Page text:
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Violations contre les droits de l’homme à Gaza/Rapport Goldstone - débat de la 3ème Commission de l'AG – Communiqué de presse (extraits) Français
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Source: Department of Public Information (DPI)
General Assembly
21 October 2009


General Assembly
GA/SHC/3956

          Department of Public Information • News and Media Division • New York

Sixty-fourth General Assembly
Third Committee
22nd & 23rd Meetings (AM & PM)

ORDINARY PEOPLE THROUGHOUT WORLD WANT HUMAN RIGHTS OF UNIVERSAL DECLARATION

‘TRANSLATED INTO REALITY, UN HIGH COMMISSIONER TELLS THIRD COMMITTEE

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Background

The Third Committee (Social, Humanitarian and Cultural) met this morning to resume its consideration of the “promotion and protection of human rights” and to begin its joint consideration of “Human rights questions, including alternative approaches for improving the effective enjoyment of human rights and fundamental freedoms” and “Human rights situations and reports of special rapporteurs and representatives”.

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Statement by High Commissioner for Human Rights

NAVI PILLAY, United Nations High Commissioner for Human Rights, described the views she had heard from ordinary people during the year-long commemoration of the sixtieth anniversary of the Universal Declaration of Human Rights, which culminated on 10 December 2008.  “They want these rights to be translated into reality.  They look to States and to the United Nations to do that, and the activities of my Office are all designed in different ways to bring these rights to life.”

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Question Time

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The representative of the Observer Mission for Palestine talked of violations of international laws by the Israeli occupying Power against the Palestinian people.  There had been countless reports and resolutions on such violations, which included war crimes and crimes against humanity.  The International Court of Justice had even drafted an advisory opinion.  They had all called on Israel to end its illegal actions.  But, those resolutions and recommendations had yet to be implemented.  So far, there had been no effort to prosecute.  The Goldstone Report had been comprehensive and clear; what did the international community need to do, including United Nations system, to ensure accountability?

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Egypt’s delegate ...

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  Her delegation was also interested to hear Ms. Pillay’s views on the Palestinian question. ...

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Syria’s representative said her delegation had anticipated that the High Commissioner’s report would cover Israel’s “flagrant” human rights violations in Gaza, particularly since the Goldstone Report had already been published.  Her delegation would like to have a clear answer regarding what Ms. Pillay intended to do on its fourth priority -- namely, human rights and armed conflict.  Did she intend to work in a serious manner on the situation of people languishing under foreign occupation?  Further, how would she undertake such work?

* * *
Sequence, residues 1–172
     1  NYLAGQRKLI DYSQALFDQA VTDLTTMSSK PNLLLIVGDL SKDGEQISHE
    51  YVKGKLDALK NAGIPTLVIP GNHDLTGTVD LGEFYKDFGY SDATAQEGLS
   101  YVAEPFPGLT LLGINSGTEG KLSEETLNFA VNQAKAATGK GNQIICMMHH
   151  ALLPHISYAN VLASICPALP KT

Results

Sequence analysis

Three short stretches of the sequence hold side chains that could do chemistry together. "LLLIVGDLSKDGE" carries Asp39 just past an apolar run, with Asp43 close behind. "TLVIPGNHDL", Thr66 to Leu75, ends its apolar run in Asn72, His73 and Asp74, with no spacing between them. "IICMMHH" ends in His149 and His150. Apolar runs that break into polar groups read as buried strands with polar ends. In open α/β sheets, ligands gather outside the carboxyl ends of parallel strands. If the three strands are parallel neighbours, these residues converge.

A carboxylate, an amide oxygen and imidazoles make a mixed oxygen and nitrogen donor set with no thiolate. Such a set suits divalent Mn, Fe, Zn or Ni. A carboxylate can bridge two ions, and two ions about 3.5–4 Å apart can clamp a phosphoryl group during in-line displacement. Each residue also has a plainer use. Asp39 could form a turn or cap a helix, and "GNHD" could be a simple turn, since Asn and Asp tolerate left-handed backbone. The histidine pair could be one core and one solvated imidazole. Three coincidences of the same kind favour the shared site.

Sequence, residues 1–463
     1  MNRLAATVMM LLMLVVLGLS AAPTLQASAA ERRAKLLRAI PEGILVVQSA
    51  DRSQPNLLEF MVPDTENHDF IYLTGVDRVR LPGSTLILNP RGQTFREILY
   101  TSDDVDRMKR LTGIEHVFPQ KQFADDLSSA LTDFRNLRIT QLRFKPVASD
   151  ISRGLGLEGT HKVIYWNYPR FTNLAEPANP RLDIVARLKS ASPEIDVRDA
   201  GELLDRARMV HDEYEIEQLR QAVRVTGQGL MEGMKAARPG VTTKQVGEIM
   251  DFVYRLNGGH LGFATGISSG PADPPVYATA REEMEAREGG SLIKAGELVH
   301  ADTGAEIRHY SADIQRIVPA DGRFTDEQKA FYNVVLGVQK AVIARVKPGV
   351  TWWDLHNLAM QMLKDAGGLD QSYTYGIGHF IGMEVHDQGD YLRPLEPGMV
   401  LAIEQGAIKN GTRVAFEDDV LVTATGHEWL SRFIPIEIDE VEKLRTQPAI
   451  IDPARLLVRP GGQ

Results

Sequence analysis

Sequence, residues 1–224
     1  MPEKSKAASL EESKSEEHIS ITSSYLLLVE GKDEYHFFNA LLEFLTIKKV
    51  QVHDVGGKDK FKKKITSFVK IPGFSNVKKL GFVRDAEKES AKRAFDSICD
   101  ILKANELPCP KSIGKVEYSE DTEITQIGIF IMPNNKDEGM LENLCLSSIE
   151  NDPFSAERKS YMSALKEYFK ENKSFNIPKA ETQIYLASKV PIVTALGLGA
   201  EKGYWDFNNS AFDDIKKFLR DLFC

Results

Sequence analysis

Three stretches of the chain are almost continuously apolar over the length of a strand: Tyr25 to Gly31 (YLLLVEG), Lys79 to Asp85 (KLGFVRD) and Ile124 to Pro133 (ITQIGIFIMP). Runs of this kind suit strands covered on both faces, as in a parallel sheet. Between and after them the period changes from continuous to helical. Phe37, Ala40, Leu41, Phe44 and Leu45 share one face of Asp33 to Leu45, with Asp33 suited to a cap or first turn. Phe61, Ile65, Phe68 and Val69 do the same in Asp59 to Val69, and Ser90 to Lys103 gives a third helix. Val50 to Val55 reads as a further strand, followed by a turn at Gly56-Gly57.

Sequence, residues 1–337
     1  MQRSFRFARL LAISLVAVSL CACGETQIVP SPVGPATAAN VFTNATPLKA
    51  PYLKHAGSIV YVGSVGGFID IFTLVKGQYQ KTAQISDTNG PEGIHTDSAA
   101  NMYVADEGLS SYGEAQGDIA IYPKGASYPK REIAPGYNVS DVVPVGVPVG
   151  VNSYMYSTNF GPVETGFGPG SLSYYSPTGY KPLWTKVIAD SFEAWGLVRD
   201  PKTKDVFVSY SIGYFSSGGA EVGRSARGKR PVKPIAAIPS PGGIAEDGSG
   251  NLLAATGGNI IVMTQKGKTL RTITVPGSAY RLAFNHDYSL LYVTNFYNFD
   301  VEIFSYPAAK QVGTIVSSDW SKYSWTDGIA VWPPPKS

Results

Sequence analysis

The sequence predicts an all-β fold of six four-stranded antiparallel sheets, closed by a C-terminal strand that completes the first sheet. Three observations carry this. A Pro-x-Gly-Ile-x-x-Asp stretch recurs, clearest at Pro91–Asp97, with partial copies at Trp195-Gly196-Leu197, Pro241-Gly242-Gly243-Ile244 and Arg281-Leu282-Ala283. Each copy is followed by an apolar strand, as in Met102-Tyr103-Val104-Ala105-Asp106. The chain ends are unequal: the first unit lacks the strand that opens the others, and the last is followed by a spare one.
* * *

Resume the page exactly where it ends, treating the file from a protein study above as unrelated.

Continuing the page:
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Taking the floor once again, Ms. PILLAY said ...

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To questions from speakers from Palestine, Egypt, Syria and Sweden on the situation in Palestine and the Goldstone Report, she recalled that the Human Rights Council had addressed that matter, and 25 Member States had adopted a resolution on the report.  A provision of that resolution stated that the report would come before the General Assembly.  Since that would place the report under the Assembly’s jurisdiction, she had not wanted to include it in her report.  Nevertheless, her view was that the Goldstone fact-finding mission had made important recommendations aimed at ending impunity on the part of all parties, and had provided for redress to victims and the prevention of future violations.  Accountability should not be sidelined in the name of the peace process; indeed, accountability could not be disassociated from the peace process.  She welcomed the Human Rights Council’s endorsement of the report and looked forward to action by concerned parties, in keeping with its recommendations.  All parties must carry out transparent investigations into reported violations, in compliance with international standards.  She had consistently called for accountability in many situations where serious conflicts were ongoing, in an even-handed manner.

To the representative of Syria an the situation of people under foreign occupation, she said she fully recognized the particular vulnerability of such persons and had always insisted of the full application of international law, including refugee law and international criminal law, and was providing assistance in the Occupied Palestinian Territories and other places on that issue.

She called on the support of all States in carrying out her work and invited them to take advantage of training programmes offered by her Office to develop their justice systems.  Their support was essential for the Office to conduct its advisory work on issues such as transitional justice and accountability.  She counted on States not to obstruct the work of the Office because of political considerations.  Finally, she stressed that no country was free of human rights violations.

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For information media • not an official record

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